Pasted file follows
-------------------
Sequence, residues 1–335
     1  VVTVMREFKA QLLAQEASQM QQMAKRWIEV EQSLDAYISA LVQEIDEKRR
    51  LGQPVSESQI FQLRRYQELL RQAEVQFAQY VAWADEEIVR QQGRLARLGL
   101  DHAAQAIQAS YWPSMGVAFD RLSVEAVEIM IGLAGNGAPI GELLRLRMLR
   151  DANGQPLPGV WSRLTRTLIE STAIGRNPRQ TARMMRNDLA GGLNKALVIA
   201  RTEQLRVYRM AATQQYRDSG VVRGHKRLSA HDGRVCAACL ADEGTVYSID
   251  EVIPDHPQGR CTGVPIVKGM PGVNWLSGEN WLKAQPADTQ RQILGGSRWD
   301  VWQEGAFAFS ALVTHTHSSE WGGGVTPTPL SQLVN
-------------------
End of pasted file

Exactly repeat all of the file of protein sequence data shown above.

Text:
Sequence, residues 1–335
     1  VVTVMREFKA QLLAQEASQM QQMAKRWIEV EQSLDAYISA LVQEIDEKRR
    51  LGQPVSESQI FQLRRYQELL RQAEVQFAQY VAWADEEIVR QQGRLARLGL
   101  DHAAQAIQAS YWPSMGVAFD RLSVEAVEIM IGLAGNGAPI GELLRLRMLR
   151  DANGQPLPGV WSRLTRTLIE STAIGRNPRQ TARMMRNDLA GGLNKALVIA
   201  RTEQLRVYRM AATQQYRDSG VVRGHKRLSA HDGRVCAACL ADEGTVYSID
   251  EVIPDHPQGR CTGVPIVKGM PGVNWLSGEN WLKAQPADTQ RQILGGSRWD
   301  VWQEGAFAFS ALVTHTHSSE WGGGVTPTPL SQLVN